In the Junior World Trophy Team competition, the leader board changed once more as it’s now France that take control of the race lead. Great Britain still chase them hard for second position while USA begin to pick up pace and slot into third place.
Here’s a summary of how the top ten countries faired after day three…
1. France – 16:41:02.24
As the race moves past the halfway distance, France continued to extend their lead in the World Trophy Team competition. With four of the six French riders locking out the top four positions in the individual overall classification, it seems that France are now fighting it out amongst themselves to claim not only victory in the team event but also for individual medals. The only drama they faced was Christophe Nambotin (KTM) needing to replace a silencer.
2. Australia – 16:59:42.16 +18:39.92
Australia are not only proving to be the surprise nation of the event but also one of the toughest. Although slipping behind the French they have now built up a healthy seven-minute cushion over Italy. All six riders remain intact though two are known to carry injuries. Husqvarna’s Glenn Kearney’s knee took a beating as his knee brace carved a deep wound into his leg (see separate story), while KTM’s Toby Price is also in pain. A heavy crash has resulted in a cracked rib. Though he’s constantly feeling the bone ends grind together, Price starts day four.
“Day three was really long, almost 350km,” confirmed Price. “I’m a bit bruised and I think I’ve broken a rib. I crashed on one of the trail sections and landed on my chest. Right now it’s just a matter of keeping going. This is a team race so I need to suck it up!”
3. Italy – 17:07:39.33 +26:37.09
Day three took its toll on Italy as they lost Oscar Balletti (Beta) due to mechanical issues. Now with five riders, Italy need to rely on strong finishes by all of their riders to hang onto their top three position. They’re over three minutes clear of Spain in fourth but the six-man squad of USA are a team they need to keep their eye on.
4. Spain – 17:11:03.41 +30:01.17
After losing Cristobal Guerrero (KTM) on day two through injury, Spain has now settled back into the race. Still hanging onto their fourth place position, they remain in touch with Italy but like the Italians will have to watch their back as USA are beginning to find some extra speed.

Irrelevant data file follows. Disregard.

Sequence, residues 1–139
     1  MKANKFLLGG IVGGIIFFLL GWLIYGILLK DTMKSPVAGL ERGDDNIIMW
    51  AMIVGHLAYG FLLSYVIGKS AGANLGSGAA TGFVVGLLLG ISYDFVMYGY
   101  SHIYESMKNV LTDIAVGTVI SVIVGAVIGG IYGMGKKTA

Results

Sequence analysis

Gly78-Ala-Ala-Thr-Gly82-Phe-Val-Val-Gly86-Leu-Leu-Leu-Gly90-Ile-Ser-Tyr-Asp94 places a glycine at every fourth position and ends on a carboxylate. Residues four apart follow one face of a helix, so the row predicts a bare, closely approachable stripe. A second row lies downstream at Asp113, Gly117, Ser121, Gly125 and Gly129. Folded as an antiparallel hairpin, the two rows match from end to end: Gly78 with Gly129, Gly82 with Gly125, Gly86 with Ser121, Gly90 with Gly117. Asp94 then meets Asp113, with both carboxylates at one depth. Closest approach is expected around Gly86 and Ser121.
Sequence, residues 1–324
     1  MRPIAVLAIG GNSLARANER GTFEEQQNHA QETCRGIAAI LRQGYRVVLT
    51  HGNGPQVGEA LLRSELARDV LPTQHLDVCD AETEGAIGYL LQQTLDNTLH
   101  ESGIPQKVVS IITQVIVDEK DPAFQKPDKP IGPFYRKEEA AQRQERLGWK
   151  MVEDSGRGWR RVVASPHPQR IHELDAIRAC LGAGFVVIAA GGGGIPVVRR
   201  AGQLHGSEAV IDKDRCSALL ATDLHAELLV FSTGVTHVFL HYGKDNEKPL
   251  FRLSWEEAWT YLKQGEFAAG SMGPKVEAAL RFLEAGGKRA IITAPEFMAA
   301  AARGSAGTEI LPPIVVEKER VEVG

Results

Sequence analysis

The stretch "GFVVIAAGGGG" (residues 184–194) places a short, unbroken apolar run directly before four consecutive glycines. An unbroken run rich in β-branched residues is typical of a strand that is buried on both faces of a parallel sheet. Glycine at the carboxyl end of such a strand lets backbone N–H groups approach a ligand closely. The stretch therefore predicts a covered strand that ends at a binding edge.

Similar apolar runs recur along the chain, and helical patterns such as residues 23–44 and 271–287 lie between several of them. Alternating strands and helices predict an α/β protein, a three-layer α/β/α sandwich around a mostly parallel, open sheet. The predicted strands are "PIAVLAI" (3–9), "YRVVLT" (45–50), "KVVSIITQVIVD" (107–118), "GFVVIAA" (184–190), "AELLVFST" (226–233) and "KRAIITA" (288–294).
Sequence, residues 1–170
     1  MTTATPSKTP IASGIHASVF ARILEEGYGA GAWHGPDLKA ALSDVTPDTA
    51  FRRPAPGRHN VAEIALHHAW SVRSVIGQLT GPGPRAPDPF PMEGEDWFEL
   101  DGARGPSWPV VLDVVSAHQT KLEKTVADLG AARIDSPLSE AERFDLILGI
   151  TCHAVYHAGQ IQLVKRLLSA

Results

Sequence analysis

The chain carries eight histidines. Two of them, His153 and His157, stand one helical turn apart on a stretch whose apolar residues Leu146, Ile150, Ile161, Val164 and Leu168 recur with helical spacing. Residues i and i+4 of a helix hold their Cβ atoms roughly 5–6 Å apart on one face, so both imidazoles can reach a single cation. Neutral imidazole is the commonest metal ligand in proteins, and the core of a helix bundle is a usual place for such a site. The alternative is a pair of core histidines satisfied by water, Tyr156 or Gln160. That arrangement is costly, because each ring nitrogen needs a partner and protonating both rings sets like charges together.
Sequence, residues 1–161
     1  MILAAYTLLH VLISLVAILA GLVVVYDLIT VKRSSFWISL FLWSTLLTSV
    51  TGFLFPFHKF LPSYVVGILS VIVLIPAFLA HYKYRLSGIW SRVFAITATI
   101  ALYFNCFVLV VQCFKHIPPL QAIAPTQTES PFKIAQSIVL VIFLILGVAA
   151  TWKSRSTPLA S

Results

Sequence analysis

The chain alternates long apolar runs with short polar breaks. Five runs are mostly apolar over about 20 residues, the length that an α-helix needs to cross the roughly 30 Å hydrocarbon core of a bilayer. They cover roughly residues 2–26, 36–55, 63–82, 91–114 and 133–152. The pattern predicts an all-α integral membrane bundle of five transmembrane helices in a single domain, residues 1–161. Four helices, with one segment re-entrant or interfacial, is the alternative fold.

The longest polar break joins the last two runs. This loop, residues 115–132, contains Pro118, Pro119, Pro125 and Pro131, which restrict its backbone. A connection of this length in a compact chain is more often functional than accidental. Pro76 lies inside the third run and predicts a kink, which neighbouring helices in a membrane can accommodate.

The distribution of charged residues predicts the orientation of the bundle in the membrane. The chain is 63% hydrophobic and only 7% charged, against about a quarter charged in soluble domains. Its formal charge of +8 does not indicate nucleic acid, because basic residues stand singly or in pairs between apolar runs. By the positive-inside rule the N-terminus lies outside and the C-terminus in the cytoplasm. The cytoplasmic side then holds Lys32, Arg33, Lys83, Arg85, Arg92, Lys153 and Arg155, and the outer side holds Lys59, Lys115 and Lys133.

5. USA – 17:11:58.81 +30:56:57
USA are quietly working their way up the leader board. A distant sixth after days one and two, USA now place fifth after day three but by maintaining a full team of riders they are capable of closing the gap to both Spain and Italy.
6. Finland – 17:14:14.65 +33:12.41
Day three was a difficult one for Finland as they lost one of their leading riders – Juha Salminen (Husqvarna). Mechanical issues caused numerous problems for Salminen and by the end of lap one he was forced to retire.
“My day was Ok,” remarked team member Antti Hellsten. “I had a few problems on the enduro test but otherwise everything was fine. I’m riding well in the cross tests but still need to find a couple of seconds here and there. The day was long and tough with some tricky uphill’s on the going but it’s all the little bumps on the trail that are beginning to hurt the wrists.”
7. Sweden – 17:17:03.95 +36:01.71
Sweden were another team to lose a rider as Husaberg’s Martin Larsson failed to make it past day three. However, they still remained stationed in seventh position thanks to the strong rides of Robert Kvarnstrom (Beta) and Husaberg’s Joakim Ljunggren.
8. Great Britain - 17:37:53.26 +56:51.02
There was no change for Great Britain on day three as they remain in eighth position. Again it’s TM mounted Jordan Rose that’s the fastest rider of the team with Husaberg’s Jamie McCanney backing him up. A crash in the final special test cost McCanney about twenty seconds when his leg got trapped under his bike. Jamie is still feeling the effect of his hay fever symptoms but is determined to not let it bother him.
Day three was a lot better for me,” remarked Paul Edmondson. “The course itself was a lot more technical with some challenging hill climbs on the trail. On the first two days I struggled a little to find my pace – it’s been a few years since I last raced a 125 but I’m beginning to adapt. Right now I’m trying my best to do my bit for the team. The team’s spirit is great and everybody is working well together.”
9. Netherlands – 17:47:12.56 +1:06:10.32
It’s stalemate for Netherlands as they finished ninth. Now ten minutes behind Great Britain but only six in front of an improving Germany, the Netherlands can’t afford to relax just yet.
10. Germany – 17:53:16.82 +1:12:14.58
Finally we see the host nation enter the top ten in the World Trophy Team competition. Fourteenth on day one, 11th on day two and now 10th on day three, Germany is moving in the right direction as the massive crowd of supporters will them on every step of the way.